First-Year Fails: Things I Learned as a First-Year
It’s a tale as old as time. High school or college……it doesn’t matter: first-years are on the smack bottom of the totem pole. Your first year is a time to adjust, grow up and hopefully, learn a lot. For me, that meant learning a lot by experiencing a lot which….didn’t always go as planned. If you’re an incoming first-year reading this, I hope you can use this as a guide to help you figure out what to do (and what NOT to do) to make your transition a bit smoother.
1. Go to Class
Listen, I understand. We all have days (maybe even multiple days in a row) where we just don’t want to get out of bed. Unfortunately, this piece of advice comes from some personal experience of facing the consequences. Once you skip one class, it becomes much easier to skip more and more frequently (don’t ask me why… I’m not a psych major). One “oh, I’ll just skip today” becomes two, then three, then- you get the point. Even on the days when you know you won’t be paying the best attention, it’s better to be physically present in the class where you can at least retain some information. Sick days and mental health days, of course, are the exception to this rule. Your health should be priority #1.
2. It’s Okay to Not be Okay
This brings me to my next point. In an environment like college, it’s so easy to throw yourself into your studies and social life, and neglect taking care of yourself. You have more freedom, and with that comes more responsibility, which can be super stressful. It’s important to remember that you’re human and you can only do so much until you burn out. If just getting out of bed is what you can manage one day, you should be proud of yourself for doing it. Reach out for help if you need it, from friends, family or resources provided on campus, such as CAPS and drop-in sessions from our identity centers.
3. Everyone is in the Same Boat as You
Building a life in a brand new place is intimidating to say the least. If you’re like me, it’s especially hard to reach out to people and start forming friendships. Trust me: don’t psych yourself out. This newness and uncertainty you may be feeling is a completely shared experience. You’re not the only new kid on the block- there’s hundreds of people just like you on campus. And with tons of clubs and organizations, as well as your major-specific courses, there are so many ways to meet people with common interests. Relax, take a deep breath, and strike up a conversation. Even if it seems like it, I promise that friend groups are not set in stone within the first week- you’ve got time.
4. Make Yourself Happy
I think one of the biggest things I’ve learned this year is to not let other people’s judgement affect your actions. This isn’t your small town high school where everyone knows everyone; this is an university with thousands of kids, who honestly should have a lot more pressing things to do than judge you. And if they do, who cares! The people who matter will like you for whoever you are and whoever you hope to be. If you want to dye your hair, dye your hair. If you want to do a cartwheel across the Commons, go for it! Life is about the little moments and you can’t live it to the fullest if you spend it worrying about what everyone else thinks.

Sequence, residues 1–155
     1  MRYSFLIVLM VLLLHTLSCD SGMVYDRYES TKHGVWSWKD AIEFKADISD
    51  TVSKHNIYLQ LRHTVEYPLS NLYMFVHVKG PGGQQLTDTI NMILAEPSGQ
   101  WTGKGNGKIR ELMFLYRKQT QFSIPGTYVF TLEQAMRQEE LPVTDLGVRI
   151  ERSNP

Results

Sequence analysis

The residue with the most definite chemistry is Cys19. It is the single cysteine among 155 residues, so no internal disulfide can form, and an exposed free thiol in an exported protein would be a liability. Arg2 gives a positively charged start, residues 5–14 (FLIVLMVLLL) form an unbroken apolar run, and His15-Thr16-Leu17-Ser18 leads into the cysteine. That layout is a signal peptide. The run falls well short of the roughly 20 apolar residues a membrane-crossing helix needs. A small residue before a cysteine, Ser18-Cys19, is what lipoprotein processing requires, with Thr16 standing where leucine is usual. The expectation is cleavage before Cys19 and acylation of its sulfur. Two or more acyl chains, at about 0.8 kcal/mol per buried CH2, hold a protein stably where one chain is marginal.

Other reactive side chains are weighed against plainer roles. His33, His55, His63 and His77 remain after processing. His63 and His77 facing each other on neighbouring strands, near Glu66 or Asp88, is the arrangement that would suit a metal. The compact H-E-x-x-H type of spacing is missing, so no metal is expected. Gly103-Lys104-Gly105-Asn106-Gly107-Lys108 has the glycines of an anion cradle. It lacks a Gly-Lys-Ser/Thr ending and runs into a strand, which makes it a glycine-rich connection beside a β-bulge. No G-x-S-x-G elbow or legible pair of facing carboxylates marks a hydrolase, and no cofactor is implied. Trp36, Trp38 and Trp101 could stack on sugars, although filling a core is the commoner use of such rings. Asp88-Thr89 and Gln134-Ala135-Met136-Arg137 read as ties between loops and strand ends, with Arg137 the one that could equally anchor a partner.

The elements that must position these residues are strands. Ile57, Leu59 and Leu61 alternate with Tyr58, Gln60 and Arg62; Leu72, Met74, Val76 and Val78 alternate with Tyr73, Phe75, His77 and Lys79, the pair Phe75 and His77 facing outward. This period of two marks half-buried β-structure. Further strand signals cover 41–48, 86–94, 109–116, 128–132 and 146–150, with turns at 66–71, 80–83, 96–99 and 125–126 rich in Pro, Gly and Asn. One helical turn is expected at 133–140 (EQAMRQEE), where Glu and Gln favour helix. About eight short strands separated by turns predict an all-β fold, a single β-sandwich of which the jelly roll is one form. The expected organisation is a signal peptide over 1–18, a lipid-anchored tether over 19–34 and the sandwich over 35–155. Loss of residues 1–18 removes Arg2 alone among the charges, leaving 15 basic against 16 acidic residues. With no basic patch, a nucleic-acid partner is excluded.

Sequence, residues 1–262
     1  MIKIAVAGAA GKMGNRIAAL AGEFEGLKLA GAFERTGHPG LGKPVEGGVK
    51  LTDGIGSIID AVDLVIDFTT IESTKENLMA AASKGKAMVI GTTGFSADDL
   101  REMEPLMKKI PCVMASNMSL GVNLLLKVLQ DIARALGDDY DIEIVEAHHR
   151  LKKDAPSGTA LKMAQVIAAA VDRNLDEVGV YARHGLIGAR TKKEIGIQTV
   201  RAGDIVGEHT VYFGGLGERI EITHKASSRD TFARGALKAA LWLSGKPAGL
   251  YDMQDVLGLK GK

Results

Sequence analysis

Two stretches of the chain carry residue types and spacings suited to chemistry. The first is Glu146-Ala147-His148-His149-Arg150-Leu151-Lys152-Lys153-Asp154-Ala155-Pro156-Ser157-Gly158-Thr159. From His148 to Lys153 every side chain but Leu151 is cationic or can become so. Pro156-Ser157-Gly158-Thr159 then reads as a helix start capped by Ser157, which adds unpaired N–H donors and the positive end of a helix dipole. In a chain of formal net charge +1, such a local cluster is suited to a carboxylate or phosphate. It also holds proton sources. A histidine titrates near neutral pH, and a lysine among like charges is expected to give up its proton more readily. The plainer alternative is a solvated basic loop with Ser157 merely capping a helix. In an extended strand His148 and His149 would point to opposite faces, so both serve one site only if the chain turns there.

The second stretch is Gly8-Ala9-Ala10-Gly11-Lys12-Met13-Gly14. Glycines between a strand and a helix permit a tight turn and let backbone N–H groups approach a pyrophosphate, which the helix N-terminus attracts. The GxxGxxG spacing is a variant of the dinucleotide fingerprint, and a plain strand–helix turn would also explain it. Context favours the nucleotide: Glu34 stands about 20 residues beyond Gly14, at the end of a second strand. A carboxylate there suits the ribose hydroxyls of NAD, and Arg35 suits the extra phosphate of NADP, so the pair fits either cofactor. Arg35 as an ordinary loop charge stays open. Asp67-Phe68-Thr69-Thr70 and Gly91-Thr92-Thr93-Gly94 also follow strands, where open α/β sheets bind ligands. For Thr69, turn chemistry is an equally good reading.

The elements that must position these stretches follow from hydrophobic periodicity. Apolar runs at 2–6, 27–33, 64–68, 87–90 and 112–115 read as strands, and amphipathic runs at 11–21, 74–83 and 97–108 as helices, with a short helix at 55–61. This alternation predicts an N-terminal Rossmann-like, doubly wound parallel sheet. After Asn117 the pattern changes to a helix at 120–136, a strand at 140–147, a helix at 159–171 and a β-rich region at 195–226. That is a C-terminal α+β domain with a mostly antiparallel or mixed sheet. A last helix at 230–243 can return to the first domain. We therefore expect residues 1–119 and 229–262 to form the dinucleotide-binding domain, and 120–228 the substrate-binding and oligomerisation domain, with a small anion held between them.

5. Go to Office Hours
As a freshman, you’ll probably take a lot of entry level courses, and some of those take place in packed lecture halls with hundreds of kids. Don’t let the number of students in your classes deter you from speaking to your professors. Something that I was surprised to learn this year was that your professors are genuinely rooting for you and won’t treat you like you’re just another number- you just need to meet them halfway. Go to office hours, even if you don’t think you need the help. This allows you to get to know them and for them to get to know you (which can lead to better grades and great opportunities).
6. Utilize your Advisor
What is a degree audit? How do I know what to take next semester? How do I declare a minor? These are all questions that your advisor can give you answers to. Advisors are there to help you with anything and everything. They can point you towards career and academic opportunities, be a sounding board for any of your future course plans and give just plain life advice, too. Especially in your first year of college, there’s so much to figure out and often feels like you’re flying blind trying to do everything right. Let your advisor provide a sense of stability when everything gets to be a little too much. Your advisor has been in your shoes before and have the knowledge to help you get where you want to go. If you’re a current student and want to set up a meeting with your advisor, go to your myUVM portal, click on the “Advising (Degree Audit)” tab and you’ll be good to go!
As I reach the end of my first year here at UVM, I can say that there’s been a lot of up and downs, but I’ve been able to get through it, and I know you can too. The main takeaway of this long tangent of a blog is that you are not alone and you’re going to be okay. Stay cool and authentic to yourself. See you on campus next year!
<3 Emily I.